“Boxers fart,” Geoff said.
At least we were talking about something other than cancer.
The dog talk let us be ourselves again.
We settled on Boston Terriers because they resembled Boxers—barrel-chested stance, erect ears and short shiny coat. And apropos of my father’s nature, Boston Terriers epitomized the all-American spirit of the people. That’s what the dog book said.
Picking out a puppy is like house hunting or wedding-dress shopping. You know in your gut when you’ve found the right one. The rescues at The Queens Animal Shelter didn’t warm up to us. At the kennel in New Jersey, the litter had worms. Then a listing on the Internet caught my eye. The breeder lived upstate, near Buffalo. I convinced Geoff to make the trek.
“I called the woman. Her name is Glenda. She has the bitch. Her daughter has the sire. Guess what her daughter’s name is? Jo-lene. Nine hundred people live in their town. Glenda’s husband Harry fixes machine parts.”
Geoff didn’t see why any of this mattered.
“These are the kind of people who have a boat on the lawn,” I said, “the kind of people who know from dogs.”
We met Glenda Hartman at the dirt road that led to her house. A fallen tree blocked the drive path, so we parked and followed Glenda on foot, up the hill. “That’s my son, sawing the branch,” she told us, and a brawny boy of about 19 tipped his baseball cap in our direction.
“You and Harry have how many children?” I asked, trying to get her to like me.
“Six kids and 16 Boston Terriers,” she said. “Harry will tell you about the pups. He’s out back taking the tarp off the boat.”
I winked at Geoff.
Harry washed down the boat and a six-pack of Michelob. One pup bolted out the screen door to greet Geoff and me. “Only fair I knock $100 off his asking price,” Harry said.
We couldn’t imagine why.
Harry Hartman explained as only Harry Hartman could: “One of his little gonads didn’t come down yet.”
Geoff named our puppy “Iverson,” after Allen Iverson, the point guard on the Philadelphia 76ers, because he’s black with one white sleeve like the basketball player in his signature armband.
“Iverson’s a champion,” I say, when he poops on the newspaper.
Geoff beams. “We don’t call him Iverson for nothing.” The NBA’s Iverson was an MVP.
When I’m working from home, the puppy jockeys for space on my desk chair. His wide-set eyes and the white blaze between them give him a quizzical expression. How can you be sad, he seems to wonder, looking up at me. Then he plunks his chin on my knee and lets out a sigh.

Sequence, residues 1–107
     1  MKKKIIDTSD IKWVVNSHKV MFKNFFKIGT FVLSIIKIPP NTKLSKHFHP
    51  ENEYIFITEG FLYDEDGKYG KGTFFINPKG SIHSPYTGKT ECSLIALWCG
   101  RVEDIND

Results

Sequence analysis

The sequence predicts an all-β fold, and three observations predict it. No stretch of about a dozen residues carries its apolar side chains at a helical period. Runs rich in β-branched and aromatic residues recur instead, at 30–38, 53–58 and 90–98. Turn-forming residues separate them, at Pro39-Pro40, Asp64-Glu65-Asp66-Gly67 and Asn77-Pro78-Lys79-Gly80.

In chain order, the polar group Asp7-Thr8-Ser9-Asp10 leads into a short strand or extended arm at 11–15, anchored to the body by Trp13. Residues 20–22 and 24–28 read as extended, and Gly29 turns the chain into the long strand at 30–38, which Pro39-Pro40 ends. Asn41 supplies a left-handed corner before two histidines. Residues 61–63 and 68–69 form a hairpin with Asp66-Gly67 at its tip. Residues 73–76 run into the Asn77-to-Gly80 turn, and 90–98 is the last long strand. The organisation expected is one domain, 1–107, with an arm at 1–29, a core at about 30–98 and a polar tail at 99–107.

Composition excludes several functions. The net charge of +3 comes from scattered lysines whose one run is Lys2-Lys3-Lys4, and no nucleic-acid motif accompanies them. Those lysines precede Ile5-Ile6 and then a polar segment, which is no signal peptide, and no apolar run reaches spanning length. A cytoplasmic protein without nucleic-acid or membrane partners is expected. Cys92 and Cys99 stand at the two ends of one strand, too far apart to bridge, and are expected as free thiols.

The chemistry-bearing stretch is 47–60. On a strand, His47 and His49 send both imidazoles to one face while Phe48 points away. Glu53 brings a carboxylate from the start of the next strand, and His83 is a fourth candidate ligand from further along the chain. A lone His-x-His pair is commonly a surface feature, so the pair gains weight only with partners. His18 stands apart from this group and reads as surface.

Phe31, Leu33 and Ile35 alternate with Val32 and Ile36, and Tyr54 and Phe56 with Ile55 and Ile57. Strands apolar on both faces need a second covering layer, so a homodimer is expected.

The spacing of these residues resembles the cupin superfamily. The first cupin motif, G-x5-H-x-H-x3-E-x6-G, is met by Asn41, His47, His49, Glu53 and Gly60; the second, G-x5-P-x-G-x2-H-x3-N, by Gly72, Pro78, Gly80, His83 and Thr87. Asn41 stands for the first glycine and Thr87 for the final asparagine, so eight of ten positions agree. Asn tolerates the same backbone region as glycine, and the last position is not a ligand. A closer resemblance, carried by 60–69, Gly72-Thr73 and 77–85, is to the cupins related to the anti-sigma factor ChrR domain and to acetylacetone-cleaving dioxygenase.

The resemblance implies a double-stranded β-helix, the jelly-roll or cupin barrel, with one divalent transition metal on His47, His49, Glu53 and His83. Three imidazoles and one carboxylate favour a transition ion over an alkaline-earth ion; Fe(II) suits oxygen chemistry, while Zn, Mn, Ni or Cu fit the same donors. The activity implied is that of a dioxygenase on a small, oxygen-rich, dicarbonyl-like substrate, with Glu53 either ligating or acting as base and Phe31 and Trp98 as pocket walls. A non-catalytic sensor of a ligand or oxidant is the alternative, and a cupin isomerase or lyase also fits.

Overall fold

If I try to crawl back into bed, he woos me with impish charm. He runs around the living room with the handle of my hairbrush in his mouth. For the love of liver treats, he learns “roll over.” Since my father’s diagnosis, I’ve been trying to make everything okay and thanks to my Boston Terrier, sometimes it is.
My father recently spent an entire month in the hospital. He’d exhausted all treatment options. He couldn’t walk, was fed through a tube, spoke in a whisper. I arrived early one morning to visit him, the two of us alone in the stark room.
“Get me out of here,” he said.
I readied the wheelchair for a trip to the recreation pavilion.
“That’s where we’ll tell the nurses we’re going,” my father schemed and pulled out his intravenous lines. “Wheel me out the side door. Hail us a cab to your apartment.”
An untenable plan, I told him. He’d been prone to falls. His painkillers might wear off. The hospital could refuse to treat him over a stunt like this. “No way, Dad. I love you,” I said, “but there’s too much at stake.”
My father, a meatpacker, a Marine, macho personified, wept into his handkerchief. “I’ve been dreaming for weeks,” he gasped, “of playing with the puppy on a big bed.”
I did what a compassionate daughter ought to do. I helped him into his shoes.
“Do you know who this is?” my father said when I put Iverson in his arms. “This is my grand-dog.” He scratched the black diamond on Iverson’s belly. He bundled Iverson in a blanket and watched him tunnel out. Iverson licked his cheeks wet with kisses. The puppy didn’t see a sick man. He saw a smiling face. And I saw a Boston Terrier keeping my father from fading away.
My dog is no trendy trapping of urban swank. He’s way too cool for that.